Global weapons sales rise for first time since 2010

Cheryl Sanders
December 11, 2017

In 2016 the world's 100 largest arms manufacturers sold $374.8bn of weapons and military services, according to the latest report by the Stockholm International Peace Research Institute (SIPRI). Although the researchers do not consider sales by Chinese companies due to lack of data, they note in the report that China's military spending "has increased nearly threefold between 2002 and 2016", and estimate that nine or 10 Chinese companies likely would be included in the top 100 list-with four to six in the top 20-if the data were publicly available. SIPRI said last year's increase in weapons sales was the first time a rise occurred after five consecutive years of decline. The number represents an increase of 38 percent since 2002.

Companies in western Europe who lead the pack in arms sales after United States companies remained stable in their growth, however sales for companies in France and Italy declined, and UK, Germany recorded overall increases.

The U.S. -allied nation increased its defense spending by 7 percent to almost $40 billion in next year's budget. The rise in arms sales around the world is also a response to smoldering conflicts, she adds.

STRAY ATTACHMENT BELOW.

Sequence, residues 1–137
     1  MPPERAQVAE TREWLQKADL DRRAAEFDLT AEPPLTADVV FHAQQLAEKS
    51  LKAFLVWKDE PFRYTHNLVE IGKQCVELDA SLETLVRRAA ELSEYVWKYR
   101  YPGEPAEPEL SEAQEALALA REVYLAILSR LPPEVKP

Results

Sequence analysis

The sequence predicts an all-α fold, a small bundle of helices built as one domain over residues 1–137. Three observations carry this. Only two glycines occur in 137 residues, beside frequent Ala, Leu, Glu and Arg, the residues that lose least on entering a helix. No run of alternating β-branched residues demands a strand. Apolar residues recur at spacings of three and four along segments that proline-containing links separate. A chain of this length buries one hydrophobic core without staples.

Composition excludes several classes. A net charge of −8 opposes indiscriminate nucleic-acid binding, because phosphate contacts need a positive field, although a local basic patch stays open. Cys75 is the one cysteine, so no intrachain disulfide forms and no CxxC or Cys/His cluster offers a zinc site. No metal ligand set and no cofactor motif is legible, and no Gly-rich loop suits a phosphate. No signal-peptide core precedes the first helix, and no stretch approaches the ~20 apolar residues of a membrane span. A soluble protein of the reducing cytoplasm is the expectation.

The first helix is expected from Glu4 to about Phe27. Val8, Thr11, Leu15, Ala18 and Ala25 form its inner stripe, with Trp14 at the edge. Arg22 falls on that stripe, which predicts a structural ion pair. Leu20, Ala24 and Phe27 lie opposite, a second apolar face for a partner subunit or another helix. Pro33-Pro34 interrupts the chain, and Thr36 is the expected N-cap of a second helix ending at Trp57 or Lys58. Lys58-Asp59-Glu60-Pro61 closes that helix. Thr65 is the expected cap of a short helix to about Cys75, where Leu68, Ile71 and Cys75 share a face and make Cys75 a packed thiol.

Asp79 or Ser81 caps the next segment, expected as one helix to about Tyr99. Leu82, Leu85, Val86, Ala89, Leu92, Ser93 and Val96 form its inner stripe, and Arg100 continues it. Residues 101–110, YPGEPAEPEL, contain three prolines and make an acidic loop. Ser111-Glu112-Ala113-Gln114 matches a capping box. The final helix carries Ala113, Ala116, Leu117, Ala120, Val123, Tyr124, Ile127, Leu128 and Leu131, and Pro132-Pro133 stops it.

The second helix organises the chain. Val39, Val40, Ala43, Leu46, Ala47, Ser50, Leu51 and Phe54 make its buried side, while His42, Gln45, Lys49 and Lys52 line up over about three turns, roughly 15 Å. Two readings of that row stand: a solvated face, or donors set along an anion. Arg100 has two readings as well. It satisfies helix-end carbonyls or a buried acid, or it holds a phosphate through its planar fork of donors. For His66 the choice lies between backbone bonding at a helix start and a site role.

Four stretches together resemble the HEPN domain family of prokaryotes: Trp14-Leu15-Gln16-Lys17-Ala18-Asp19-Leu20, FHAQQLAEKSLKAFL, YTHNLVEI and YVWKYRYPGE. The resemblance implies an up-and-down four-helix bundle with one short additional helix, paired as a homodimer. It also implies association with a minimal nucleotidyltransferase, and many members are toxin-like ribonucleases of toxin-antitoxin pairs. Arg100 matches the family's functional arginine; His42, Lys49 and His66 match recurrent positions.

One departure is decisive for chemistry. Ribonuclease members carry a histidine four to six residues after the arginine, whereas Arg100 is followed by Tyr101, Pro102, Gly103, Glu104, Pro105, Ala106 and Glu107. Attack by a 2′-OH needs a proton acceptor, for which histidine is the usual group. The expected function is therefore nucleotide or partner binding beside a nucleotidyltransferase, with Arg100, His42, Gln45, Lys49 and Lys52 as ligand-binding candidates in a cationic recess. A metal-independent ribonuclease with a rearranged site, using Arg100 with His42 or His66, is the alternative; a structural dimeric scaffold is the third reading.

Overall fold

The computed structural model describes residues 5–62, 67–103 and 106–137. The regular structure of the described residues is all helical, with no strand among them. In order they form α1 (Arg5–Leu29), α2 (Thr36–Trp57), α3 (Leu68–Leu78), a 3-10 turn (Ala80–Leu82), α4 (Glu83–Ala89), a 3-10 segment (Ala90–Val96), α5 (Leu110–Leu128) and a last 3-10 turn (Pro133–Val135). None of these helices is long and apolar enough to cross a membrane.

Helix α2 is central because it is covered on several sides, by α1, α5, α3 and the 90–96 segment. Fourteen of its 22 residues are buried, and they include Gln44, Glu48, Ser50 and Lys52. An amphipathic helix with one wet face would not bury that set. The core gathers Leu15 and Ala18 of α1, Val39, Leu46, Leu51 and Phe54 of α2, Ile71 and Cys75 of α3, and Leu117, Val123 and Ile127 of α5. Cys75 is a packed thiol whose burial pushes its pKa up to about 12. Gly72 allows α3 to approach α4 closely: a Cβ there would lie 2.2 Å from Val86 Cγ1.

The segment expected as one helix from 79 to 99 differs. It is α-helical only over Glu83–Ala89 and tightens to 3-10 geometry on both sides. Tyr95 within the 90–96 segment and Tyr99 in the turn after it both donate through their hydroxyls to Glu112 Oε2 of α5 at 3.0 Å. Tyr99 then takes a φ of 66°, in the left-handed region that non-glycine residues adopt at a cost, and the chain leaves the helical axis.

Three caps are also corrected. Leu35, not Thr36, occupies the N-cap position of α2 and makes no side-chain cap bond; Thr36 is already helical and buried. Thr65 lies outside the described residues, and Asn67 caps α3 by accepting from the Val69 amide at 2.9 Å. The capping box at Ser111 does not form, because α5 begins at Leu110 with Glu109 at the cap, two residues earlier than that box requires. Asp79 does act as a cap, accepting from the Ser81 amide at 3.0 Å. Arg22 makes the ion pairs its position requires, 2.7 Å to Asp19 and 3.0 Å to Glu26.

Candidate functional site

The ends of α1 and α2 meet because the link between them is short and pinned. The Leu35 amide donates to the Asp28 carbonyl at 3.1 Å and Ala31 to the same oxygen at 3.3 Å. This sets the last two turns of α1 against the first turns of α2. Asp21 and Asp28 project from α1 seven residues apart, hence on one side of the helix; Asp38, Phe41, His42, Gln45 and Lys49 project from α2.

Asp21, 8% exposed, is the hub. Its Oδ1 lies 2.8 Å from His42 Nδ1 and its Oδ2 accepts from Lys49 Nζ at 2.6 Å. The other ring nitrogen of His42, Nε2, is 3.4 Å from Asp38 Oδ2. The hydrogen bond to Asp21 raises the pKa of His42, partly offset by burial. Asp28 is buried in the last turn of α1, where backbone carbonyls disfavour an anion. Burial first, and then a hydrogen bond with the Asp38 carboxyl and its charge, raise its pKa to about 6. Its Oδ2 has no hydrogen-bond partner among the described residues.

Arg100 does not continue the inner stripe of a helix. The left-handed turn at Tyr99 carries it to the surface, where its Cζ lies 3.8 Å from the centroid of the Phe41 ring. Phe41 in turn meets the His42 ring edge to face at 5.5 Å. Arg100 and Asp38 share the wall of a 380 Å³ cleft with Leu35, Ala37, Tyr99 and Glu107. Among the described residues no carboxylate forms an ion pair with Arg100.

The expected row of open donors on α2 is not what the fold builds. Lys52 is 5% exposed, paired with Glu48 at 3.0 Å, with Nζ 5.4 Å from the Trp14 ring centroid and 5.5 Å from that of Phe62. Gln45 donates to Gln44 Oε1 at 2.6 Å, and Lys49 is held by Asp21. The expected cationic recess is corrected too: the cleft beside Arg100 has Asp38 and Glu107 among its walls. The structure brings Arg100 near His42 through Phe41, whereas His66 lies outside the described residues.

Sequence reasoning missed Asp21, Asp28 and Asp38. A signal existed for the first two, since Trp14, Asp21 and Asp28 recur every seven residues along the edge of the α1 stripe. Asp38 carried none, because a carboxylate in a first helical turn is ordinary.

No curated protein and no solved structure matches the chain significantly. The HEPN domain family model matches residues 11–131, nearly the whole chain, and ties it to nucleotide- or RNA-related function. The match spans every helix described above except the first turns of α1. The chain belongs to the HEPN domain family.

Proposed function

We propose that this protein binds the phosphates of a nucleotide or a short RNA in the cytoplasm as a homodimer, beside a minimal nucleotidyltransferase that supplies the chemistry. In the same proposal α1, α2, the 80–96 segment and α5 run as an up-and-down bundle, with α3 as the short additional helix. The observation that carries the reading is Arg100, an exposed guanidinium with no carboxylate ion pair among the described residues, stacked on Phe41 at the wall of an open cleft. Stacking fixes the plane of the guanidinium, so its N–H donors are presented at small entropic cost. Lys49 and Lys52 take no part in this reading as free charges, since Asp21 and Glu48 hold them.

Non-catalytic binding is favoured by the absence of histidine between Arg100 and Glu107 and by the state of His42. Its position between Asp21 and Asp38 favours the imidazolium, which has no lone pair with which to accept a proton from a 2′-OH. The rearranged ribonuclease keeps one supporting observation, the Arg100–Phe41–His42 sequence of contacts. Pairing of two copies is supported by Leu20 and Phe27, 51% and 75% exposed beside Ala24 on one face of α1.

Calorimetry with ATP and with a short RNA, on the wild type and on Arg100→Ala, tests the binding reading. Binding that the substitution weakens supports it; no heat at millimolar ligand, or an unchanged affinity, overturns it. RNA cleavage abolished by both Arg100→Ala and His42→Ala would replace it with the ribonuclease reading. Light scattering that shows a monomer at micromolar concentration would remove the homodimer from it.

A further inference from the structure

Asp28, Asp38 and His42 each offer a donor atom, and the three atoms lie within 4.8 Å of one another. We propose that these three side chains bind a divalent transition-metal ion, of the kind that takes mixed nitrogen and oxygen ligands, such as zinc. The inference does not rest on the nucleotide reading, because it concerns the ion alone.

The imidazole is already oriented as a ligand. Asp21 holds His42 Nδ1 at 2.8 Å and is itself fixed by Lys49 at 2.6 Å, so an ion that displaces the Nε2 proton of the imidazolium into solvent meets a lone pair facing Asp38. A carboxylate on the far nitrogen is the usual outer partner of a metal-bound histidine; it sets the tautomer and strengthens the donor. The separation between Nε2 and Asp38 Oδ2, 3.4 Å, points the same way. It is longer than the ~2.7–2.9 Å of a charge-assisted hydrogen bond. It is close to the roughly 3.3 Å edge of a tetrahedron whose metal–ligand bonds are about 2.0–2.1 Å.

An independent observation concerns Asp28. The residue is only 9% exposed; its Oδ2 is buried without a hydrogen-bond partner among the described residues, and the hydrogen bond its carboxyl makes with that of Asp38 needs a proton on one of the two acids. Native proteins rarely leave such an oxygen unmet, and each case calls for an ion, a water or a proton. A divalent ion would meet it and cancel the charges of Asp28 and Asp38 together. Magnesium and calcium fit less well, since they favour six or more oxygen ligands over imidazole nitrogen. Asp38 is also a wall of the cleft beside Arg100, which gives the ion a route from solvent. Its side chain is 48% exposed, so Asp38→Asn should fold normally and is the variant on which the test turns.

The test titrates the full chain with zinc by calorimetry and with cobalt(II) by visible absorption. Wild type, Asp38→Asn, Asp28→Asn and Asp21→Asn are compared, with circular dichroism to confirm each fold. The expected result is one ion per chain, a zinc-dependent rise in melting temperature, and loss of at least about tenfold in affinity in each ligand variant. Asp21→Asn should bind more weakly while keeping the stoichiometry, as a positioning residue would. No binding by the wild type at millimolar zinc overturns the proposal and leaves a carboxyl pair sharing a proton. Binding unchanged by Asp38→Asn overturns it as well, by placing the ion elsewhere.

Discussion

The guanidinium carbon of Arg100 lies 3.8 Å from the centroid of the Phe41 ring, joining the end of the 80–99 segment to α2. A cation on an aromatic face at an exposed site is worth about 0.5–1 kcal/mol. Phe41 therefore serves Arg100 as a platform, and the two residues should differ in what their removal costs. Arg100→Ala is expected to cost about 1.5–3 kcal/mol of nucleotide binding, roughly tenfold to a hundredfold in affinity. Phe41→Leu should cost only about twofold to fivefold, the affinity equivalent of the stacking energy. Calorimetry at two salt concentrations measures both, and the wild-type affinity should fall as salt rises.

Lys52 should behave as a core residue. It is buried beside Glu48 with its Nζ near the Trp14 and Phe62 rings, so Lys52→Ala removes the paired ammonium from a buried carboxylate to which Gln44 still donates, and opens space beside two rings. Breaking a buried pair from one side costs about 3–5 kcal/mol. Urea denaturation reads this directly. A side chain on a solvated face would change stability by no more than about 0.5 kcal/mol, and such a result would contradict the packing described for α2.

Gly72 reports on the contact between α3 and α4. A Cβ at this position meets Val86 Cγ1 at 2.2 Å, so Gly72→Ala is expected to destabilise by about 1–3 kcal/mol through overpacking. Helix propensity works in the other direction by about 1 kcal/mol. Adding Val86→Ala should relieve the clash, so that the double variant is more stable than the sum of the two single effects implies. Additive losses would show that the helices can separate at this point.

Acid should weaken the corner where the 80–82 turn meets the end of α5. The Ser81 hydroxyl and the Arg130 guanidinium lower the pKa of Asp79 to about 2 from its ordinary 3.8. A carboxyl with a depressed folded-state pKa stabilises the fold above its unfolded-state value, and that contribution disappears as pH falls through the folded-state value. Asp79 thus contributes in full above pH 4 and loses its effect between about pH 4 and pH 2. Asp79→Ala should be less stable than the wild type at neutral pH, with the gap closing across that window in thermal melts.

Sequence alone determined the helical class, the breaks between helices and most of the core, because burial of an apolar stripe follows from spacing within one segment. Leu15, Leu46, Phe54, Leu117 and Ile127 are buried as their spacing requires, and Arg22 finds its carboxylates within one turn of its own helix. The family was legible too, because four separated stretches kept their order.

"The growth in arms sales was expected and was driven by the implementation of new national major weapon programs, ongoing military operations in several countries and persistent regional tensions that are leading to an increased demand for weapons", the group said in its report.

Total arms sales by Western European companies remained stable at $91.6 billion in 2016.

But according to SIPRI expert Fleurant, the majority of weapons are sold by arms manufacturers to the defense ministries of their own countries, not overseas.

SIPRI said Japan's largest arms companies - including Mitsubishi Heavy Industries, Kawasaki Heavy Industries and Mitsubishi Electric Corp. - experienced sharp falls a year ago.

Sales by Russian firms increased 3.8 per cent to $26.6 billion, a slower expansion than in recent years, CNN quoted the report as saying.

"The trends in arms sales are mixed: five companies recorded sales growth, while the other five showed decreases". Russian companies accounted for 7.1 per cent of the overall total. Besides the usual dominance by companies in USA and Europe, South Korea has emerged as the dark horse that is slowly cementing its position as one of the "established players" in global arms sales. But of course there are links: "There's a greater demand for certain types of weapon - munitions, missiles or ground vehicles, for example", says Aude Fleurant, Director of the Arms and Military Expenditure Program at SIPRI. "At the same time, South Korea is aiming to realize its goal of becoming a major arms exporter", said SIPRI Senior Researcher Siemon Wezeman.

On the other hand, Japan reported negative increase of -6.4 per cent. Japan is clubbed with Australia, Israel, Poland, Singapore and Ukraine under other established producers' category by the SIPRI.

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